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Southern Historical Society Papers, Volume 30. (ed. Reverend J. William Jones) 135 1 Browse Search
Southern Historical Society Papers, Volume 35. (ed. Reverend J. William Jones) 117 5 Browse Search
Southern Historical Society Papers, Volume 22. (ed. Reverend J. William Jones) 63 1 Browse Search
Historic leaves, volume 1, April, 1902 - January, 1903 59 1 Browse Search
Horace Greeley, The American Conflict: A History of the Great Rebellion in the United States of America, 1860-65: its Causes, Incidents, and Results: Intended to exhibit especially its moral and political phases with the drift and progress of American opinion respecting human slavery from 1776 to the close of the War for the Union. Volume I. 53 9 Browse Search
Caroline E. Whitcomb, History of the Second Massachusetts Battery of Light Artillery (Nims' Battery): 1861-1865, compiled from records of the Rebellion, official reports, diaries and rosters 50 0 Browse Search
Capt. Calvin D. Cowles , 23d U. S. Infantry, Major George B. Davis , U. S. Army, Leslie J. Perry, Joseph W. Kirkley, The Official Military Atlas of the Civil War 38 0 Browse Search
Southern Historical Society Papers, Volume 16. (ed. Reverend J. William Jones) 33 13 Browse Search
Southern Historical Society Papers, Volume 33. (ed. Reverend J. William Jones) 23 3 Browse Search
John F. Hume, The abolitionists together with personal memories of the struggle for human rights 22 0 Browse Search
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Browsing named entities in The Photographic History of The Civil War: in ten volumes, Thousands of Scenes Photographed 1861-65, with Text by many Special Authorities, Volume 5: Forts and Artillery. (ed. Francis Trevelyan Miller). You can also browse the collection for James or search for James in all documents.

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replaced at night. The range was finally so accurate that if a Confederate cap on a stick was raised over the edge of the parapet, it would immediately be cut down by a shot. The Confederate 30-pound Parrotts did not prove a success. Two of them mounted on Lee's Hill, at the battle of Fredericksburg, burst, one at the thirty-ninth, the other at the fifty-seventh discharge. Besides the home-made guns, which were all muzzle-loaders, a number of guns of various make, Whitworth, Armstrong, James, Blakely, and Hotchkiss, were brought in through the blockade. Two Whitworths were sent to the Army of Northern Virginia. They had a great reputation for range and accuracy of fire, but beyond the shelling of distant columns and trains, proved a disappointment. The length and weight of the guns were above the average, making them difficult to transport, and the care and length of time consumed in loading and handling impaired their efficiency for quick work. Transportation, after all,
s en barbette. Its rifled guns were two 100-pounder Parrotts en barbette, four 4 1/2-inch rifles en embrasure, two 4 1/2-inch rifles en barbette, and six 6-pounder James rifles en embrasure. It also boasted three mortars, one 10-inch siege-mortar, and two 24-pounder Coehorns, and there were thirteen vacant platforms for field and sd twenty guns, ninety-three unarmed batteries for field-guns, thirty-five thousand seven hundred and eleven yards of rifle-trenches, and three blockhouses. The James rifles behind the Fort Totten ramparts The first gun, in the foreground, is a James rifle on a siege-carriage, the second a James rifle on a sea-coast carriage,ort Totten consisted of two 8-inch howitzers, eight 32-pounder sea-coast Columbiads, one 100-pounder Parrott rifle, three 30-pounder Parrott rifles, four 6-pounder James rifles, one 10-inch siege-mortar, and one 24-pounder coehorn mortar. entire extent of front of the lines was thirty-seven miles. Thirty-two miles of military road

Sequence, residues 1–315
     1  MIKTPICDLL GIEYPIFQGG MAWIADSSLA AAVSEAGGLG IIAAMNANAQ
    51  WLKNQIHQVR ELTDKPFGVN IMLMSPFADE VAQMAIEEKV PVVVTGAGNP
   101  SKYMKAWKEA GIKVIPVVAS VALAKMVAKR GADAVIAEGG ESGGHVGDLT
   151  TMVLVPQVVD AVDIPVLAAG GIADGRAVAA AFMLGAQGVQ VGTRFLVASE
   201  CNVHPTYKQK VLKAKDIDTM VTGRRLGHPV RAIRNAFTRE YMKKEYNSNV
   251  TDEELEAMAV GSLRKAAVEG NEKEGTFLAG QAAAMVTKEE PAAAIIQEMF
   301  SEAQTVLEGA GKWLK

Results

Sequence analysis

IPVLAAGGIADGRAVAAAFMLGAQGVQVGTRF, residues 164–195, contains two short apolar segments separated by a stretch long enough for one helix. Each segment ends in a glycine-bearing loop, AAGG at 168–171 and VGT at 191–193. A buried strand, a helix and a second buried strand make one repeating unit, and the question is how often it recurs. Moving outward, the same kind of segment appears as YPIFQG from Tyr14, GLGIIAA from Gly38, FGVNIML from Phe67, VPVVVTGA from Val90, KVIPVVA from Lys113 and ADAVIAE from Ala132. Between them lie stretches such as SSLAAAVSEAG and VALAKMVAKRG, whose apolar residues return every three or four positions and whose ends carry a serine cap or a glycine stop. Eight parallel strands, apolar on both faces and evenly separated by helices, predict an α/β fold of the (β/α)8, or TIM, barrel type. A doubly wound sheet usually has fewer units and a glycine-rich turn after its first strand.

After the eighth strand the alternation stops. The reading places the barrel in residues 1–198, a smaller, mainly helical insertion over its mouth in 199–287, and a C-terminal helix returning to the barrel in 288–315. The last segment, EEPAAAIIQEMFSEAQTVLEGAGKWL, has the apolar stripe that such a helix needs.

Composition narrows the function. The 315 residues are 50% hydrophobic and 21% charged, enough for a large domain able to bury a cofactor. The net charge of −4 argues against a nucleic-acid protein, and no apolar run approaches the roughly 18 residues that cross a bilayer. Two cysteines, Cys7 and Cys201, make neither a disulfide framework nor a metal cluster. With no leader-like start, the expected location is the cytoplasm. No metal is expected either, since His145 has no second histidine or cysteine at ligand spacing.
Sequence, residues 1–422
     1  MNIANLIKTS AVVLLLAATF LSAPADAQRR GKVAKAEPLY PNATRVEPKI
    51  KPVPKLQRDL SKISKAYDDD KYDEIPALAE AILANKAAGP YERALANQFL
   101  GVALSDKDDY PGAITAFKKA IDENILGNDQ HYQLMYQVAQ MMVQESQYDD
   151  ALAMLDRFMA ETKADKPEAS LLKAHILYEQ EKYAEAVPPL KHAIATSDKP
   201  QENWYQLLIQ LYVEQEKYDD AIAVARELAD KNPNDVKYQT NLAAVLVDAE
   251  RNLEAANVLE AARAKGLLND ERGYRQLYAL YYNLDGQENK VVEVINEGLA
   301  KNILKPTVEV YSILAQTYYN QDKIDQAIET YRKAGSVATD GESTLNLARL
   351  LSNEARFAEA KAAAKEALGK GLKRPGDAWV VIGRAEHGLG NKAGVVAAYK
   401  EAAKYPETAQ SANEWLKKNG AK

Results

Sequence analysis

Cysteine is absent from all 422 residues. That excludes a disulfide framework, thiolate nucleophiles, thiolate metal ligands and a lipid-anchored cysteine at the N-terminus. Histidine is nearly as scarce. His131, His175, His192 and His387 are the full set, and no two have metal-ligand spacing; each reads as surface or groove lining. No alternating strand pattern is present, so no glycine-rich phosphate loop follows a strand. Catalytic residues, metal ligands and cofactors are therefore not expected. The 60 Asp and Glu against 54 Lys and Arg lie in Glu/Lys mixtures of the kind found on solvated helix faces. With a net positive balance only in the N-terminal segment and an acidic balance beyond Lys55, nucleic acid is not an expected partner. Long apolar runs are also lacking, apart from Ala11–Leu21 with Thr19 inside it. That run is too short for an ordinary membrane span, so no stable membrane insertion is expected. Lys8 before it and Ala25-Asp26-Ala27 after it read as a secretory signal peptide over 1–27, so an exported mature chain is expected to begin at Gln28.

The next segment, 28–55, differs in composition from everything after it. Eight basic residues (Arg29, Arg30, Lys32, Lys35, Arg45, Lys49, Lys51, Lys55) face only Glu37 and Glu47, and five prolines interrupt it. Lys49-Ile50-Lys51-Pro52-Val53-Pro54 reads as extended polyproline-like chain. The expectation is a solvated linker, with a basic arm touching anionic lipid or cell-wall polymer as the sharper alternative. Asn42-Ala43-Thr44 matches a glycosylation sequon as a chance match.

lexity of the armaments of the Federal ordnance. It is recorded that the artillery with Rosecrans's Army February 8, 1863, included thirty-two 6-pounder smooth-bores, twenty-four 12-pounder howitzers, eight 12-pounder light Napoleons, twenty-one James rifles, thirty-four 10-pounder Wiard steel guns, two 6-pounder Wiard steel guns, two 16-pounder Parrotts, and four 3-inch rifle ordnance guns. Of the batteries here shown, two were rejected on account of reported defects in the guns. A 6-Poundand two 4 1/2-inch Blakely rifled guns. Against these General Gillmore brought six 10-inch and four 8-inch Columbiads, five 30-pounder Parrotts, twelve 13-inch and four 10-inch siege mortars, and one 48-pounder, two 64-pounder and two 84-pounder James rifles. The most distant of the batteries on Tybee Island was 3,400 yards from the Fort, and the nearest 1,650. modern siege-guns can be effective at a dozen miles. Modern field Artillery has a maximum effective range of 6,000 yards. In the Ci
n-primers, and pressed bullets, in addition to heavier ordnance supplies. Special machinery was made in England and shipped, but did not reach its destination in time for use. A large instalment including a most powerful pair of engines, had reached Bermuda when blockade running practically came to an end, near the close of the war. A Confederate gun that ran the blockade Beside the home-made guns, which were all muzzle-loaders, a number of guns of various makes, Whitworth, Armstrong, James, Blakely, and Hotchkiss, were brought in through the blockade. The gun in this photograph is a modified 12-pounder breech-loading Whitworth. The breech was open when the picture was taken. The breech mechanism was adopted from the British Armstrong type and from the French system. In the Armstrong breech-loading gun the breech-block has the full screw that is seen here. The item taken from the French system was the manner of swinging the block back after the screw had become disengaged.